We don't know for sure why Warren Buffett's Berkshire Hathaway has been reducing its stake in PetroChina, but he's been selling more shares than you might have thought.
Reporting of the most recent disclosed sale, including the previous post here on Warren Buffett Watch, describe it as the third sale since July. That's because there have been three filings with the Hong Kong Stock Exchange since July disclosing sales:
Add them together and you have roughly 138 million shares with a value of $203 million.
But Investors Against Genocide, a group that's pushing Warren Buffett to divest from PetroChina because it is "the worst of four major oil companies funding the genocide in Darfur, Sudan," points out that Buffett has been selling more shares than it might appear from the filing headlines.
Those same filings also list Berkshire's total PetroChina holdings before and after each sale.
That's a net drop of 446 million shares, worth over $1 billion.
The explanation for the disparity: under Hong Kong Stock Exchange rules, the only sales that have to be disclosed are those that take "the percentage level of your interest in shares of the listed corporation crossing over a whole percentage number (e.g. your interest increases from 6.8 % to 7.1 % - crossing over 7%)"
Clearly, there have been other undisclosed sales that didn't bring Berkshire's stake across a whole percentage, to account for the overall reduction.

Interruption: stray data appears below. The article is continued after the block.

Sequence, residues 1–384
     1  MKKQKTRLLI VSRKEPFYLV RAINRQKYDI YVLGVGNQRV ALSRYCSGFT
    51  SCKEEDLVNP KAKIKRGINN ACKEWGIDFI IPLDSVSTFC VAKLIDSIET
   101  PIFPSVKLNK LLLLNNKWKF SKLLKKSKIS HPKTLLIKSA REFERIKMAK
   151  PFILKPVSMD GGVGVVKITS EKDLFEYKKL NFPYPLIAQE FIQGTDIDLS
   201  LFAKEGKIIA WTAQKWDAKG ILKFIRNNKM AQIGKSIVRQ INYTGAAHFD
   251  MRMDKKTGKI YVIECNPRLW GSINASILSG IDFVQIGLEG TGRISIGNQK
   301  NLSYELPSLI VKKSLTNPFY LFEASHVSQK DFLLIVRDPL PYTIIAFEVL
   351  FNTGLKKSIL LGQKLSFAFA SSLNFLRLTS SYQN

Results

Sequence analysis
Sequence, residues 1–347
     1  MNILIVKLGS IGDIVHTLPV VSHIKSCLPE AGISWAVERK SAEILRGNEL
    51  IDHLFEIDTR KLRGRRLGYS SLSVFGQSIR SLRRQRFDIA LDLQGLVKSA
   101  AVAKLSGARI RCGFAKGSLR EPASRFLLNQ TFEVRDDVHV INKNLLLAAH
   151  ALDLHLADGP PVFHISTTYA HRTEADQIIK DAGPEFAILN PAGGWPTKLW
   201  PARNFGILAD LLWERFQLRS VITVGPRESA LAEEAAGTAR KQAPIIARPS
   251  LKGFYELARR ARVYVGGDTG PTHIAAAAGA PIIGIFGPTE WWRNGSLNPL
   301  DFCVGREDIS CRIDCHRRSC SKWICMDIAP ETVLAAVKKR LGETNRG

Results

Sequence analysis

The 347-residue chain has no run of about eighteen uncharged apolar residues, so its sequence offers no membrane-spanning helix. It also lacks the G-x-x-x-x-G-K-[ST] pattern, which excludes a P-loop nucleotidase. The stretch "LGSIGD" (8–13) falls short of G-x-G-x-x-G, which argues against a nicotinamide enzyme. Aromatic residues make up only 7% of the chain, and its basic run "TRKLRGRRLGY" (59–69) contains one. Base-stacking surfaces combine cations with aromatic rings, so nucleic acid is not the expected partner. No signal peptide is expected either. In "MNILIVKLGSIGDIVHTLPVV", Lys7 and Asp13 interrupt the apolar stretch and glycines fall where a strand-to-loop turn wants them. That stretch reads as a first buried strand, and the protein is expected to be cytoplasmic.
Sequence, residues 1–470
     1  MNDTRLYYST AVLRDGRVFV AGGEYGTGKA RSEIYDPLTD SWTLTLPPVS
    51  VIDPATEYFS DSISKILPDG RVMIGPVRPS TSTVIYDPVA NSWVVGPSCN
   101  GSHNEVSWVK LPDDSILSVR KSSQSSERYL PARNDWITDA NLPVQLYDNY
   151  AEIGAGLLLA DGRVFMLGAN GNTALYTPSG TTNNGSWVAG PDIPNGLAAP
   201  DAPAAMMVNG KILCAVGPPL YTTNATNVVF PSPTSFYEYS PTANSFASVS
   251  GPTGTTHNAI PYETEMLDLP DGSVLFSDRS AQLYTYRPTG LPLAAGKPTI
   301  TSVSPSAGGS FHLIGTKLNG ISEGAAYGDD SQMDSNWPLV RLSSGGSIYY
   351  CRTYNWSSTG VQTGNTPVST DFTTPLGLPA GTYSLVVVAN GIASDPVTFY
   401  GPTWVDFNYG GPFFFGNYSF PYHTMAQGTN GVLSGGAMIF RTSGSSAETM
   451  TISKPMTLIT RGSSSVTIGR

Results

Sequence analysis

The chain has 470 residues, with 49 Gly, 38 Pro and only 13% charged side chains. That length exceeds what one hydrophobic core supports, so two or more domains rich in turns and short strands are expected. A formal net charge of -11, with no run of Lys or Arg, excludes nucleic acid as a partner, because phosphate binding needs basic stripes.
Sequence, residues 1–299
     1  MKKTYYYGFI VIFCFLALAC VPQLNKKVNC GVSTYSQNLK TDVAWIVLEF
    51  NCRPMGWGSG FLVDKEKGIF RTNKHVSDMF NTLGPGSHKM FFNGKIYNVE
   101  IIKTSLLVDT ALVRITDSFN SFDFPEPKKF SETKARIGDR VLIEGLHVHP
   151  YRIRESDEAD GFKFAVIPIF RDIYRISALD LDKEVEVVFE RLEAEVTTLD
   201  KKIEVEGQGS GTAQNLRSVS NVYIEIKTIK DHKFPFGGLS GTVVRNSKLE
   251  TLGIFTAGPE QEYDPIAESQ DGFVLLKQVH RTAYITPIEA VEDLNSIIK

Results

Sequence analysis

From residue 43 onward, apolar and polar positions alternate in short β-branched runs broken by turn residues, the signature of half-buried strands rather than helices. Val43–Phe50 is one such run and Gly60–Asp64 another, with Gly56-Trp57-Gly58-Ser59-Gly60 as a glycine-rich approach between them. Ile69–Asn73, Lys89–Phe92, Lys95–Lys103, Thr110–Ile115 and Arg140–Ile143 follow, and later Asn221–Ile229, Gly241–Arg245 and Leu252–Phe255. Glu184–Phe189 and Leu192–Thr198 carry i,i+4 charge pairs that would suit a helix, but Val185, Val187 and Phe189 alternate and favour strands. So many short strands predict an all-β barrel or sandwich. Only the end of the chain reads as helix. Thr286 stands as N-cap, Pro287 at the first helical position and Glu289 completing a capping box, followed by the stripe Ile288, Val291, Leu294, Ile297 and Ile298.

To Investors Against Genocide the "steady series of sales" is an "increasingly clear demonstration of divestment by Berkshire Hathaway." In a news release posted on its web site and e-mailed to Warren Buffett Watch, Eric Cohen, the group's chairman, says, "While Mr. Buffett is rightfully keeping quiet about his motives, it is increasingly clear that his pattern of sales indicates that he no longer wants to be associated with an investment that helps to fund genocide."
That's certainly one possible interpretation. Another is that Buffett taking advantage of a massive increase in PetroChina's share price and doesn't see as much growth in the future. Maybe it's both.
Only Mr. Buffett knows for sure. Whatever the motive, both Berkshire Hathaway and Investors Against Genocide appear to be happy with the results.
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